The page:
Canada's System of Justice
The Canadian justice system is unique in the world. Two official languages (English and French) and two legal traditions (common law and civil law) co-exist within our system of justice. As Canadians, we are all responsible for understanding our rights and freedoms and our duties as members of society. Courts resolve disputes, and in doing so, they interpret and establish the law for all Canadians.
Services and information
The Department of Justice Canada considers access to justice to be a fundamental value of the Canadian justice system, flowing from our country’s respect for the rule of law.
The Government of Canada is renewing the relationship with First Nations, Inuit and the Métis Nation based on the recognition of rights, respect and partnership.
The Canadian Charter of Rights and Freedoms protects a number of rights and freedoms, including freedom of expression and the right to equality.
On December 13, 2019, amendments to the Department of Justice Act came into force, creating a new duty on the Minister of Justice to ensure a Charter Statement is tabled in Parliament for every Government bill.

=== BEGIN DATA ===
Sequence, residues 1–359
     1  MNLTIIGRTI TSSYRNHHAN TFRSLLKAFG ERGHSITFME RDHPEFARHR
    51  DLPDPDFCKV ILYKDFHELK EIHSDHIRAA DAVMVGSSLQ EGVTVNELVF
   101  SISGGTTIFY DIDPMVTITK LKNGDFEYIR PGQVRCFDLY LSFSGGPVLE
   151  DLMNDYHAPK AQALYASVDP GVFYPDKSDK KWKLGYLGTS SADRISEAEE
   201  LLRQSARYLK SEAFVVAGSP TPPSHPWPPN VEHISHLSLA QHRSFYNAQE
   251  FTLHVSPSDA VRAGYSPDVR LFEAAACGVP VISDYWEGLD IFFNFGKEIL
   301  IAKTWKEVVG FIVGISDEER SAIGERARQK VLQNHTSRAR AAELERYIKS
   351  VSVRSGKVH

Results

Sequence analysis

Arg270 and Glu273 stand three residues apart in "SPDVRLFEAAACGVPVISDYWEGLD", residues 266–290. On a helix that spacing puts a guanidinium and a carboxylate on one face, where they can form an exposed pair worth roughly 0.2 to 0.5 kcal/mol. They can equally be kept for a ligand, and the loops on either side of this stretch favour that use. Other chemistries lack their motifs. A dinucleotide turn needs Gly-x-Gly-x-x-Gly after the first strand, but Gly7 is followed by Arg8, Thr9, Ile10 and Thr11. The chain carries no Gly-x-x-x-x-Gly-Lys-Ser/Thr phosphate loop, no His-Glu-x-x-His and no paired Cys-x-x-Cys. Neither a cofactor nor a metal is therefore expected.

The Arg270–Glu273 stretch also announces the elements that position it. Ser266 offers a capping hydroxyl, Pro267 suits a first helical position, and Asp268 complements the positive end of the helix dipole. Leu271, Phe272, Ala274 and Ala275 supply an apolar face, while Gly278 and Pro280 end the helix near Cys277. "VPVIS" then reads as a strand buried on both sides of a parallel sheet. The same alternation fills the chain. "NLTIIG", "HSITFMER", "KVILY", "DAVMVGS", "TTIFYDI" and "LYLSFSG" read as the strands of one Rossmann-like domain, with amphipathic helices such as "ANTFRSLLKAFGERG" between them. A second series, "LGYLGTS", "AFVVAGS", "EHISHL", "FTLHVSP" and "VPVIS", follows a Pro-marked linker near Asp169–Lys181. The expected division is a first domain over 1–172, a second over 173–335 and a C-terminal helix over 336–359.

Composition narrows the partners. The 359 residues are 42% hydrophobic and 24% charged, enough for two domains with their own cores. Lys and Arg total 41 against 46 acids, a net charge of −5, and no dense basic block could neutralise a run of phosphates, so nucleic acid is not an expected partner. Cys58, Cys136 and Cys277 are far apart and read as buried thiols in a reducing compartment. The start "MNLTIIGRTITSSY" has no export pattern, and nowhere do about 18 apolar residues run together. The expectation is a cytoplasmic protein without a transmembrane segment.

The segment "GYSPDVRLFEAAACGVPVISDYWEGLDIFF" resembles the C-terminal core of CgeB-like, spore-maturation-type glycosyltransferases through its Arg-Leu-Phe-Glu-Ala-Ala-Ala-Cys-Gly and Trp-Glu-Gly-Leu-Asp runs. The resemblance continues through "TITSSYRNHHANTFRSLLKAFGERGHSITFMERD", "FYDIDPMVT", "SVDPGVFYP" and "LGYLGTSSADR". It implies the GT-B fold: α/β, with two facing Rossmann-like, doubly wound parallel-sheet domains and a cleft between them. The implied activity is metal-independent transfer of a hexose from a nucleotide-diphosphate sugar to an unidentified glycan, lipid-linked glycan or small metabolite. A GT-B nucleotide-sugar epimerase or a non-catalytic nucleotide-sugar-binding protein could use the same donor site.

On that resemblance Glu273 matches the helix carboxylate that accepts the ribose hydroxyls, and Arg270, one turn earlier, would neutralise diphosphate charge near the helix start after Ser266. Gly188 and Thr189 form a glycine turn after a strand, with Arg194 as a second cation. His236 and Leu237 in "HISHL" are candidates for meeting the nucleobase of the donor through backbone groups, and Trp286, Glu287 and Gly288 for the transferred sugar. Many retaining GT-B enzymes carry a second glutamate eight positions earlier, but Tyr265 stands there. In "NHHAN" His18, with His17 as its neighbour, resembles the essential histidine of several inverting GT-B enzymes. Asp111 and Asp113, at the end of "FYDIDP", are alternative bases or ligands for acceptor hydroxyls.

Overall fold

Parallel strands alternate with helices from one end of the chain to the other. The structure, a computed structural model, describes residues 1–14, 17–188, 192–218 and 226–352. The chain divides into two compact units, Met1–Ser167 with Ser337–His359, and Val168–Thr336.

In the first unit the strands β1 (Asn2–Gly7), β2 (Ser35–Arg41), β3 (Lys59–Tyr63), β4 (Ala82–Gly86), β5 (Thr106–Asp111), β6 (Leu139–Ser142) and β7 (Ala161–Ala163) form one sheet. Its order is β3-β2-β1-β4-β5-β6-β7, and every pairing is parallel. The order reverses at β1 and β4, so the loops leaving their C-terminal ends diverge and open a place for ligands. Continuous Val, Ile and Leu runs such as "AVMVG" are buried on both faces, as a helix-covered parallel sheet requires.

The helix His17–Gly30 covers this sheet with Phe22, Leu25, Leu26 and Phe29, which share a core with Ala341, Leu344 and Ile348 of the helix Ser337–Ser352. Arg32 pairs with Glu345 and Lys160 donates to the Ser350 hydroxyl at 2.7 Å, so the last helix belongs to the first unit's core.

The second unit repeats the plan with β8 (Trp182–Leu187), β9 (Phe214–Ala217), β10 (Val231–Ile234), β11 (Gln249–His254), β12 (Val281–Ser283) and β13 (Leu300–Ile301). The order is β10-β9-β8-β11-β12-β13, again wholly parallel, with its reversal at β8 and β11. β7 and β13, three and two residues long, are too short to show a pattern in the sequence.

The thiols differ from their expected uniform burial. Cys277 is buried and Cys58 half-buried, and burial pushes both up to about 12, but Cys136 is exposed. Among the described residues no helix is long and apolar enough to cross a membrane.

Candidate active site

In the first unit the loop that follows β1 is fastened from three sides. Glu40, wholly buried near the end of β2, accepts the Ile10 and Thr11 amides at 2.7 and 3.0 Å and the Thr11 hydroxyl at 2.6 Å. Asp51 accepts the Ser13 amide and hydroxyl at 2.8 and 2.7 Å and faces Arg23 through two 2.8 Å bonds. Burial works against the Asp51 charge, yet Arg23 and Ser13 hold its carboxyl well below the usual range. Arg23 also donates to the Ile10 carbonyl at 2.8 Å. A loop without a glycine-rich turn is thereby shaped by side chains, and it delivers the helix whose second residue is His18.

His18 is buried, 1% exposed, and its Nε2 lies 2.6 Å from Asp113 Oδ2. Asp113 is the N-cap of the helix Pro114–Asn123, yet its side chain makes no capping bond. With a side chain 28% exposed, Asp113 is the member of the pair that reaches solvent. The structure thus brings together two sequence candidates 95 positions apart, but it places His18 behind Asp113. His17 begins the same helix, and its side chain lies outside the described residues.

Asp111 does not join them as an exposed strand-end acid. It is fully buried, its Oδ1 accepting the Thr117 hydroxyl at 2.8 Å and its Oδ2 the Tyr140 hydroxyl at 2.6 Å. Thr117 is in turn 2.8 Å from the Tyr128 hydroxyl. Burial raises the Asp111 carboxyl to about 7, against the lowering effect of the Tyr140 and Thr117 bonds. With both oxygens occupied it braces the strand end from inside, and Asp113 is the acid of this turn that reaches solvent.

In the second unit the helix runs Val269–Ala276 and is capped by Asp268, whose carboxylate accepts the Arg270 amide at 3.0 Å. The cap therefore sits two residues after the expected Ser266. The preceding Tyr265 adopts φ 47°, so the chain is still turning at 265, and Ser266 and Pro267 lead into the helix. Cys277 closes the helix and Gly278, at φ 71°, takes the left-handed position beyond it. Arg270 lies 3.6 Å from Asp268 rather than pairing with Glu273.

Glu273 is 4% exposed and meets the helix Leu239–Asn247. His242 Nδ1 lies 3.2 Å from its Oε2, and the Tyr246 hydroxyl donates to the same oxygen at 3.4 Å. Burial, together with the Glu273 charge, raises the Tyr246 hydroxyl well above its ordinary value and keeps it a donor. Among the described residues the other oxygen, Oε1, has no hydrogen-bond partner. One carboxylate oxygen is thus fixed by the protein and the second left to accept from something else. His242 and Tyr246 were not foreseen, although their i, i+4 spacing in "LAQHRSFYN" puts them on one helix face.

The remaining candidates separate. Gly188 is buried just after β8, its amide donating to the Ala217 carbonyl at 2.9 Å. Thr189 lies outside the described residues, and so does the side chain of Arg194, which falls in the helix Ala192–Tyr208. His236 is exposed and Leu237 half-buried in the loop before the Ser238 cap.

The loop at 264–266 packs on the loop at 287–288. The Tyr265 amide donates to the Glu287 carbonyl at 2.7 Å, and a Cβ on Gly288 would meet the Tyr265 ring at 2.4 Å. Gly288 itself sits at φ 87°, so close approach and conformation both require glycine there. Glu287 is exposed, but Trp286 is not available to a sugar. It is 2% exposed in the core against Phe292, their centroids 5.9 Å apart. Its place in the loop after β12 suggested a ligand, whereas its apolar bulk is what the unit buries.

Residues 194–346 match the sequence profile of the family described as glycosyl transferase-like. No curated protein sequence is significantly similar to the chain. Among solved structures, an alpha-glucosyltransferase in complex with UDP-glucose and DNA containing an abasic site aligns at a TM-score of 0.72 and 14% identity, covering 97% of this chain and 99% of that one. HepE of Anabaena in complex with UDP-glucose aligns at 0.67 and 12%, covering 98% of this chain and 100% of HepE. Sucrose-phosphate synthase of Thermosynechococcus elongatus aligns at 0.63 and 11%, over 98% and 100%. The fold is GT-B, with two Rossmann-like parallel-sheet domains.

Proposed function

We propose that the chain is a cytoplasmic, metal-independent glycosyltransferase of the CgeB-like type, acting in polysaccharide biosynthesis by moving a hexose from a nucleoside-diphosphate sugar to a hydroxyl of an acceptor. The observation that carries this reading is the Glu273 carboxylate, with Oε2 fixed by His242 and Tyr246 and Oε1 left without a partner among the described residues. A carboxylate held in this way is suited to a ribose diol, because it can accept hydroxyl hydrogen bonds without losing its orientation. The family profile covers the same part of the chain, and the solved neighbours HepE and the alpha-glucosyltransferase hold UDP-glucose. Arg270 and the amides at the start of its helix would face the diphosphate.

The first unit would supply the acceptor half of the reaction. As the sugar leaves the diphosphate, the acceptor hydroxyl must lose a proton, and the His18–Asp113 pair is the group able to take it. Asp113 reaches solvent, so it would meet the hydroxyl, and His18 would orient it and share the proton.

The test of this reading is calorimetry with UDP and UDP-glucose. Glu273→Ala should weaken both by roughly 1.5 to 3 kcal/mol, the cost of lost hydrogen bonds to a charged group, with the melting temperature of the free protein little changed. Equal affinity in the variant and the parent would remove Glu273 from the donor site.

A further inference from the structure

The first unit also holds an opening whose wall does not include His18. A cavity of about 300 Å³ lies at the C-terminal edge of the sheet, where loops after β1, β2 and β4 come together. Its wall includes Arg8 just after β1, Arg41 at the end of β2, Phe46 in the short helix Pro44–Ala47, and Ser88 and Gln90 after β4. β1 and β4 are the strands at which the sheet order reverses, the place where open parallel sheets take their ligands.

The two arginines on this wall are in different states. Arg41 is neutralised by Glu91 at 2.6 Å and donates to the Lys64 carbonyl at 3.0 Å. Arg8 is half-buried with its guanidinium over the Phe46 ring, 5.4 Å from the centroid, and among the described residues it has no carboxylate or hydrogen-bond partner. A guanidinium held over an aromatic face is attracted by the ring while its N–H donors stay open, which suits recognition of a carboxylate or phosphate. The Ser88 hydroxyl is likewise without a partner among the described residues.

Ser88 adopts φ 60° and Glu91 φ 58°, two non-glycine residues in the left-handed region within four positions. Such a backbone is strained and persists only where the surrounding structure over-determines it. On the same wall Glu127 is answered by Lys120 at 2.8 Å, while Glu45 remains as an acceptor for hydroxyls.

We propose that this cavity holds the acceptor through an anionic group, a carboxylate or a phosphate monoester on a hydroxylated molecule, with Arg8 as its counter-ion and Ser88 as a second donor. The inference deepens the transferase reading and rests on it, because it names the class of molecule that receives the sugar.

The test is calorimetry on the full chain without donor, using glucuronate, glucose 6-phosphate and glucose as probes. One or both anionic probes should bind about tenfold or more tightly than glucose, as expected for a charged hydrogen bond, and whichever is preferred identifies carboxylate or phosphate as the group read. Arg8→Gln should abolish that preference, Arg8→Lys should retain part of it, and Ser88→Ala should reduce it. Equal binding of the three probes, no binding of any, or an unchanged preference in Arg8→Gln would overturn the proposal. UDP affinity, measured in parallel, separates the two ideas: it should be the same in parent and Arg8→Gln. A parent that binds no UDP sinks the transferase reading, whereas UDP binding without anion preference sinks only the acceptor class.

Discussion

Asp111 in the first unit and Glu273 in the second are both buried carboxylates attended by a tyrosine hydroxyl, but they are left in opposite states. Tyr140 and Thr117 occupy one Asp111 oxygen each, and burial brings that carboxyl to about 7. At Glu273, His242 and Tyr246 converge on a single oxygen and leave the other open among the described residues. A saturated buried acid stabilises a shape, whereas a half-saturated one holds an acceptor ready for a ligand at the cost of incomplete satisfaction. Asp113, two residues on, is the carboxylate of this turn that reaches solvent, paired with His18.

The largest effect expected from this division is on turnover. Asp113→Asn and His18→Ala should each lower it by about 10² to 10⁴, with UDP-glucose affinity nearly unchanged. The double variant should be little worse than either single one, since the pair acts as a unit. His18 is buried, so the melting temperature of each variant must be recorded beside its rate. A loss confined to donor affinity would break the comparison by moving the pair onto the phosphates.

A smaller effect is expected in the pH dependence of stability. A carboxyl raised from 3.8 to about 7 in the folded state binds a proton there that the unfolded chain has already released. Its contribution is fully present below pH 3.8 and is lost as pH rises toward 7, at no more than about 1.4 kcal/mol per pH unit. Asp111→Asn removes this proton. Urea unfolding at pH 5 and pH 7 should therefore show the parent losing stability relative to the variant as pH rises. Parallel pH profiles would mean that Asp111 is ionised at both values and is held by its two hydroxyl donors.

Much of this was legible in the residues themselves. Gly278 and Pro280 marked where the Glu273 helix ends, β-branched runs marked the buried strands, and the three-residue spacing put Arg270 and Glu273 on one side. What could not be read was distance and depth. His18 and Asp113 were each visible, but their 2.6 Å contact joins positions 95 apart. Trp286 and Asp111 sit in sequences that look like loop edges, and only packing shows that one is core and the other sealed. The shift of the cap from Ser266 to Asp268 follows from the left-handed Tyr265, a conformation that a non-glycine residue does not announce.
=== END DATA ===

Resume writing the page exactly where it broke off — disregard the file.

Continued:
The Criminal Code is a federal law that includes definitions of most of the criminal offences that the Parliament of Canada has enacted.
About Canada's System of Justice
Canada is one of those rare countries where common law and civil law exist side by side and interact within the same legislative framework, reflecting Canada’s history and its legal and constitutional structure.
Legislation is introduced in Parliament to amend or repeal existing laws or put new ones into place.
The Privacy Act is federal legislation that protects the personal information of Canadians in the hands of federal public sector institutions.
Understand how the courts are organized.
The Department's activities in matters related to justice in official languages are mainly directed towards two initiatives: the promotion of access to justice in both official languages and the implementation of Section 41 of the Official Languages Act.
In 2005, the Department of Justice adopted an action plan establishing a two-part mandate for the Legal Dualism Team.
The Law Commission of Canada is an independent body that provides non-partisan advice to the federal government on matters relating to the improvement, modernization and reform of Canadian laws.
In July 2023, Justice Canada launched the Child Rights Impact Assessment (CRIA) tool and e-learning course.
Report a problem on this page
- Date modified: